Elastic Throughput Requests – Data and Metadata Reads (per GB transferred)


Elastic Throughput Requests – Data and Metadata Writes (per GB transferred)


Provisioned Throughput (MB/s-Month)


AWS Backup – Warm Storage / Cold Storage (GB-Month)

$0.05 / $0.01

As you can see, the Infrequent Access tier is less than a tenth of the cost of the Standard Tier — savings absolutely worth pursuing. Note that for data accessed from the Infrequent Access tier, the Infrequent Access Requests surcharge applies. However, with Intelligent-Tiering, the file is transferred back to the Standard Tier on first access, minimizing the impact of this surcharge.

One word of caution around EFS in general: there is some complexity surrounding throughput modes. There are 3 modes: Bursting, Elastic, and Provisioned Throughput. Bursting Throughput takes into account “burst credits,” which accumulate at a rate proportional to the size of the EFS filesystem. Importantly, only EFS Standard or EFS One Zone accumulate burst credits. The IA storage classes do not accrue burst credits.

How to manually enable EFS Intelligent-Tiering

Ready to get started? Enabling EFS Intelligent-Tiering is relatively straightforward and can be done in either the management console or the CLI. The main prerequisite for enabling it is that you do not have an existing LM policy in place. For example, if a Transition into IA rule exists with a time parameter of None, this rule must be removed. If there is one LM rule in place, the second rule can be added to form the Intelligent-Tiering policy.

Also note that, as seen in the diagram above, you can only transition objects to-from the corresponding AZ configuration: Standard ⇔ Standard-IA, and One Zone ⇔ One Zone IA. Switching from one to the other will require creating a new EFS volume and copying the data.

To remove an existing lifecycle management policy on a particular EFS file system (identified by its file-system-id), with the CLI, execute the following command:

aws efs update-file-system-configuration --file-system-id <file-system-id> --lifecycle-configuration ''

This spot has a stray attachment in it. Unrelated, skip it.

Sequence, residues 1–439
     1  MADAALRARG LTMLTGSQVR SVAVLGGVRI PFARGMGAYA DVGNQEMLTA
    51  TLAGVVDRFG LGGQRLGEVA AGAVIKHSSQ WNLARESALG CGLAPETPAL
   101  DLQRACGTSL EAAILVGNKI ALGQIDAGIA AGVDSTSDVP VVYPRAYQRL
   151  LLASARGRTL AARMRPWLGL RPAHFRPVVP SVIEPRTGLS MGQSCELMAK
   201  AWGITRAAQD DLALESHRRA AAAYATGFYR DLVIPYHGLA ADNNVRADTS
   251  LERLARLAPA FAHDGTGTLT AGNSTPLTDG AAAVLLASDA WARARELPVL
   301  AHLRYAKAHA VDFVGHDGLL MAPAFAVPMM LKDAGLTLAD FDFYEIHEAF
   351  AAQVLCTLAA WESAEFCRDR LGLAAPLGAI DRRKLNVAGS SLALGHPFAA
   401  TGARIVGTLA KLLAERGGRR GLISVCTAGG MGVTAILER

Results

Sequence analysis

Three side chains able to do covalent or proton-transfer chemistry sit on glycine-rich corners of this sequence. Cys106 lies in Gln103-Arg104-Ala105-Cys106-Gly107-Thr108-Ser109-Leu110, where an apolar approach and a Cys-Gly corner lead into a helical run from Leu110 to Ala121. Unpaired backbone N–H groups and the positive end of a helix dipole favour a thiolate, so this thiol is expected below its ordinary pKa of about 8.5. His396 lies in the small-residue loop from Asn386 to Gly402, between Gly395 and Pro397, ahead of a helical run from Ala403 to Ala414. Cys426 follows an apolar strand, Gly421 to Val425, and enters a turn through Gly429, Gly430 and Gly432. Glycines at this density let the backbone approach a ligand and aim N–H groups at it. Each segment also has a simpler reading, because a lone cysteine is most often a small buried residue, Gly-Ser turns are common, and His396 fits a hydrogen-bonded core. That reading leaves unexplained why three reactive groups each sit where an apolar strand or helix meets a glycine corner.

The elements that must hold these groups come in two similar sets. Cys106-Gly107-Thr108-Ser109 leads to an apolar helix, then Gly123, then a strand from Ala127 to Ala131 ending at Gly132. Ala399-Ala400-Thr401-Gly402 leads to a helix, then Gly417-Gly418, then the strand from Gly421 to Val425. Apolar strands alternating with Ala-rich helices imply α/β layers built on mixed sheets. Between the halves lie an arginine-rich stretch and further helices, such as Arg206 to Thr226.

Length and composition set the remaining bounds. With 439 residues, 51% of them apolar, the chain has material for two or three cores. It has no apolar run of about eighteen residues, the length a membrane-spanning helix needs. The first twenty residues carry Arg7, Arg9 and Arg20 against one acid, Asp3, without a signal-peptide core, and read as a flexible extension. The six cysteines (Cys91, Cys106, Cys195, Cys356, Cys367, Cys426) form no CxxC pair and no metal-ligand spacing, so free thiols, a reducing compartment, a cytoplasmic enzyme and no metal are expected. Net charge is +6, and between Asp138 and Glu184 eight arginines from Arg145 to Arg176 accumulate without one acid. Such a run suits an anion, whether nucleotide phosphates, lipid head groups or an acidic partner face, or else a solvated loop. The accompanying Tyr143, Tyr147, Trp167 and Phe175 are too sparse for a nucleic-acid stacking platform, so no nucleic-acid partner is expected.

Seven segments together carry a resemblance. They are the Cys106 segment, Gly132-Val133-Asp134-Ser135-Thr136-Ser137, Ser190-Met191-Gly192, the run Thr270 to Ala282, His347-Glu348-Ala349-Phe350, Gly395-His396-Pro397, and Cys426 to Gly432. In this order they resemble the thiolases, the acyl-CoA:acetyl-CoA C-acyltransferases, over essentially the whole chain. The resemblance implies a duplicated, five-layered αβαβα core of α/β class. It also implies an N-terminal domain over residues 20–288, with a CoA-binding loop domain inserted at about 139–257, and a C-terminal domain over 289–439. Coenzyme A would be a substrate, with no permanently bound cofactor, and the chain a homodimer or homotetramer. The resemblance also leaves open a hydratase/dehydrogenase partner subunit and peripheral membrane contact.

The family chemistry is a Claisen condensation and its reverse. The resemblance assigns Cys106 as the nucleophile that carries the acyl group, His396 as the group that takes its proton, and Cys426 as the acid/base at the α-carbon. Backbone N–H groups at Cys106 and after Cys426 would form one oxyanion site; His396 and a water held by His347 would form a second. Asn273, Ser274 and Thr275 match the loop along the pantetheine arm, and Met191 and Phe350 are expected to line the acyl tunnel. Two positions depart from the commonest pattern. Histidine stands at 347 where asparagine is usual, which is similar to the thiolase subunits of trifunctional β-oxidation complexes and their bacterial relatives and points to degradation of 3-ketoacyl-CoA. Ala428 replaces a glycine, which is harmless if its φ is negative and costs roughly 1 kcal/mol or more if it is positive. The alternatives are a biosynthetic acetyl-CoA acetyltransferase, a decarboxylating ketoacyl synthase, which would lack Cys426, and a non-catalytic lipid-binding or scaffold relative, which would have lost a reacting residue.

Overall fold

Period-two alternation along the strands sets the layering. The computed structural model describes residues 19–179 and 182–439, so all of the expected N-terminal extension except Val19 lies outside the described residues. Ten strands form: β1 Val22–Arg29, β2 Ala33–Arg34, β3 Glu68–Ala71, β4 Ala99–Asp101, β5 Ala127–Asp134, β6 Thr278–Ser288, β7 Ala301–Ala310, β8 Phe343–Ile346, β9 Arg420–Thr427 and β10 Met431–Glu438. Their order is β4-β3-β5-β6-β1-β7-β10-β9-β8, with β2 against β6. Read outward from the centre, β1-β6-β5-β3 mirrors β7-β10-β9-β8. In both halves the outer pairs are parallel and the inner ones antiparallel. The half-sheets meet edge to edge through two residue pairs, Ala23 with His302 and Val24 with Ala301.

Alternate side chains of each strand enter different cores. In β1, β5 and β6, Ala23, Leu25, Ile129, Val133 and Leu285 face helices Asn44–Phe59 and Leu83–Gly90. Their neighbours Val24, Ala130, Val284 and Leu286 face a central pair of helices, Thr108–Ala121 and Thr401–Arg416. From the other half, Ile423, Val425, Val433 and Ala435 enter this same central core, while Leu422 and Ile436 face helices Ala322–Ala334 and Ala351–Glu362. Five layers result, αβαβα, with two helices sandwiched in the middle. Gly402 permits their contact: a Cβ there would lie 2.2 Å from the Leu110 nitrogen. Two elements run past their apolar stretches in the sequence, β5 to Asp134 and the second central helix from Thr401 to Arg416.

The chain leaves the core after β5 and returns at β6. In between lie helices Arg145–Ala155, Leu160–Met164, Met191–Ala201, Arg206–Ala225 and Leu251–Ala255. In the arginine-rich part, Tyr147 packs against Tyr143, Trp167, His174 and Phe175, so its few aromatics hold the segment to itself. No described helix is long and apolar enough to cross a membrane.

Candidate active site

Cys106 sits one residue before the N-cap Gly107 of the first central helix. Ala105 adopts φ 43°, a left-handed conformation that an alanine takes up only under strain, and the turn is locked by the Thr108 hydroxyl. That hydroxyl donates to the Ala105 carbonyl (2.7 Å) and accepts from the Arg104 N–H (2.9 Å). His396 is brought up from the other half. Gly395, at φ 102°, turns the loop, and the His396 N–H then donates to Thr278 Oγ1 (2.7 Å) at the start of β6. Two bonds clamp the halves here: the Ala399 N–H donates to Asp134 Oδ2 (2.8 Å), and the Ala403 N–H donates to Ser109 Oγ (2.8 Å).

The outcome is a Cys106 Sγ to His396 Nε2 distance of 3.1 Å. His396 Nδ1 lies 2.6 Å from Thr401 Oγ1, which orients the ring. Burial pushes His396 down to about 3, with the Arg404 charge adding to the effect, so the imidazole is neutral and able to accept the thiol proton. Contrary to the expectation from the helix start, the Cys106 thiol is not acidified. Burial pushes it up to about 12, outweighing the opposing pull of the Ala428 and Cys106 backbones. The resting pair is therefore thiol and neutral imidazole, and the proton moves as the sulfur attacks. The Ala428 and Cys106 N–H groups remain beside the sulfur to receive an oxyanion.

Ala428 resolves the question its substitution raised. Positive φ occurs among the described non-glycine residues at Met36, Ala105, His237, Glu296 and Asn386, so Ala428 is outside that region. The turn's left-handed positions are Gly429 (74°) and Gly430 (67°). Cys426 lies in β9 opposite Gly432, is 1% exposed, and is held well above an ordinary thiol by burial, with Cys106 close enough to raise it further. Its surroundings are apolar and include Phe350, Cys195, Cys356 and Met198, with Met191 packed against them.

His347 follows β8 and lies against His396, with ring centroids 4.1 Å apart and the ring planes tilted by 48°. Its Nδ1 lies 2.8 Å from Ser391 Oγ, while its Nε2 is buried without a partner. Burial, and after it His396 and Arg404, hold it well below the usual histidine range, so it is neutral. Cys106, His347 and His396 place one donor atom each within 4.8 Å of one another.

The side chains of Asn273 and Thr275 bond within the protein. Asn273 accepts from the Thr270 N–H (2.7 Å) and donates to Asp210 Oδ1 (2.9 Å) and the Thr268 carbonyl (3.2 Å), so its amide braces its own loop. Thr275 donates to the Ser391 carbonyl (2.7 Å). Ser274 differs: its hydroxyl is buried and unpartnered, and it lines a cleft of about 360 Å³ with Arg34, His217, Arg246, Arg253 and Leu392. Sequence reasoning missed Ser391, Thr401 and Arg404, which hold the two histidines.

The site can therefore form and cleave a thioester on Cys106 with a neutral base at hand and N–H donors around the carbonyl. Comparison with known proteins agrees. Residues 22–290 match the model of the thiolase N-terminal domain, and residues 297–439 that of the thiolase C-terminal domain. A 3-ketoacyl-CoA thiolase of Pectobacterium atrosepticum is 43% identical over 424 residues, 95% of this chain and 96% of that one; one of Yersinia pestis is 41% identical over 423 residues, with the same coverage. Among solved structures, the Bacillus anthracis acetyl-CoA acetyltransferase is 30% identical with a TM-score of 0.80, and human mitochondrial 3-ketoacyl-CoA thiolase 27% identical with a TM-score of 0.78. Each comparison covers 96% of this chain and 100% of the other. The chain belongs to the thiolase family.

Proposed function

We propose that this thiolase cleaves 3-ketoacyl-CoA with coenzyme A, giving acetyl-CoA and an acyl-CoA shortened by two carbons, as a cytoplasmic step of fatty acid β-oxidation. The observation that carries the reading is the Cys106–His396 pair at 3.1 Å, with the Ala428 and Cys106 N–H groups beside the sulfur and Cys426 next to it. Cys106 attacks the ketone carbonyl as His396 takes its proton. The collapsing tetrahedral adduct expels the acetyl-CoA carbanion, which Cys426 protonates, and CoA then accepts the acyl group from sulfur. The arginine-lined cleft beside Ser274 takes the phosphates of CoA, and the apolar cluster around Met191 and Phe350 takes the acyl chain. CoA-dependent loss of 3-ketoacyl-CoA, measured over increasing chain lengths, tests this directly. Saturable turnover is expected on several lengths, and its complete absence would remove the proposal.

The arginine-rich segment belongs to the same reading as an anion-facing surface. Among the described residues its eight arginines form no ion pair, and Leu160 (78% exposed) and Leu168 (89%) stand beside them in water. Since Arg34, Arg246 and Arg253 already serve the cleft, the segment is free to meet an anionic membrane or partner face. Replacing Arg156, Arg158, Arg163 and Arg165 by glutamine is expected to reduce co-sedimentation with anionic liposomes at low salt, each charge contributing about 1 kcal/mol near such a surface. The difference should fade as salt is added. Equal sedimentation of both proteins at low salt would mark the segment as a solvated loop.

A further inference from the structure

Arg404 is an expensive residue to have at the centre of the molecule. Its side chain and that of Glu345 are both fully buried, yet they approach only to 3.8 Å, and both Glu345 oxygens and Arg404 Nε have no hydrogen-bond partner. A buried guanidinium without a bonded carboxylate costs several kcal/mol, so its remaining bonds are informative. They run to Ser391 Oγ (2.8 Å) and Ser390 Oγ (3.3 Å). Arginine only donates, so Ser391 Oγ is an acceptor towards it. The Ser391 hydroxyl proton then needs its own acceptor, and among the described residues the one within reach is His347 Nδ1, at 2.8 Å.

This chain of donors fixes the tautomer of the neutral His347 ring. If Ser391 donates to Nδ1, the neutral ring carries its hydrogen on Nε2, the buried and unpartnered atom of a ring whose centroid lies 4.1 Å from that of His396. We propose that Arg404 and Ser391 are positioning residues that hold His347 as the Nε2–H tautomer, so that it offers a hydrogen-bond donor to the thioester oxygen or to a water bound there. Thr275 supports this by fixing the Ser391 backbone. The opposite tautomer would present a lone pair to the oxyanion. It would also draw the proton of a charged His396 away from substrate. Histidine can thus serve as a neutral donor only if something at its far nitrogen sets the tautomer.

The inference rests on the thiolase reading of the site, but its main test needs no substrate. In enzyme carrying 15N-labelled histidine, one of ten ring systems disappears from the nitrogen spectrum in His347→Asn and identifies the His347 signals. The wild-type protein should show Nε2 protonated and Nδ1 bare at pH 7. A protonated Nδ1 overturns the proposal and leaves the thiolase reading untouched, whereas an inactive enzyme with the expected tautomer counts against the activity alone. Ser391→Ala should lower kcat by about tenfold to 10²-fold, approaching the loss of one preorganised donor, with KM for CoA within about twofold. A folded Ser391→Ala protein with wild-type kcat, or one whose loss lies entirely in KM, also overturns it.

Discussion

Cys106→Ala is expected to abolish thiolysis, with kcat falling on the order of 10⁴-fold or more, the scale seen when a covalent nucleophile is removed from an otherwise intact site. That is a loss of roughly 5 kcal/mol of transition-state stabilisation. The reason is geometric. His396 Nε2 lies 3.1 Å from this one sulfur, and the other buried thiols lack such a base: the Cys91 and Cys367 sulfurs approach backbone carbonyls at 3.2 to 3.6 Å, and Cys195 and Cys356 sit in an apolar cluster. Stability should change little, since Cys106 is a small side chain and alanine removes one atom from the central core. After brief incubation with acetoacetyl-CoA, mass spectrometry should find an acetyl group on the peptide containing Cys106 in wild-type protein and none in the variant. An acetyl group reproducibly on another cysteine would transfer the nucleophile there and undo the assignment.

The empty string given as the input to lifecycle-configuration represents a “null policy”, effectively deleting the policy.

To add a set of lifecycle rules for EFS Intelligent Tiering, issue the following command:

aws efs put-lifecycle-configuration \
--file-system-id <File-System-ID> \

This sets up the pair of lifecycle rules as described earlier in the document: the Transition to IA and Transition from IA (in this case named TransitionToPrimaryStorageClass).

To do this using the AWS Management Console, the process is similar.

  1. Navigate to the “Amazon EFS” section of the management console.
  2. Click on the particular file-system-id, an identifier prefixed by fs-.
  3. Within the “Lifecycle management” section, set the Transition into IA rule to something other than None, e.g. “30 days since last access.” Set the Transition out of IA rule to “On first access.” The combination of these two rules is Intelligent-Tiering.
  4. OPTIONAL: Double check your throughput mode. The particular throughput mode that is best for your application will depend on your application’s requirements. The cheapest mode is Bursting. Note again that files in the -IA class do not accrue Bursting credits. If you are unsure of your throughput requirements, use Bursting Mode and monitor your average amount of burst credit utilization over a set period of time.

Enable EFS Intelligent-Tiering quickly and easily with CloudFix

Want to optimize your EFS costs even more easily? Use CloudFix to quickly and automatically enable EFS Intelligent-Tiering for you. CloudFix will find eligible volumes and generate the EFS Intelligent-Tiering fixer. No manual configurations, no more tasks added to your plate – just fast, easy savings.

There are a couple prerequisites. In order for the fixer to be enabled, make sure that:

  • The file system does not have a lifecycle policy to Transition to IA
  • For file systems with Bursting throughput, the average IO for past 30 days should be less than:
    • 90% of baseline throughput for Standard storage class
    • 40% of baseline throughput for One Zone storage class

Note that for some file systems which do have a “Transition to IA” policy, it makes sense to manually evaluate if Intelligent-Tiering is a better fit. This will be the case if you are paying a large amount for “Infrequent Access Requests” for those file systems. If the charges are starting to add up, switching the FS to Intelligent-Tiering may be appropriate. To do this, simply delete the Transition to IA lifecycle policy and let CloudFix do the rest.

Enabling EFS Intelligent-Tiering isn’t the only way that CloudFix optimizes and reduces AWS spend. Check out our other blogs for details on additional fixers or find out how much you could save with our free, secure, personalized savings assessment.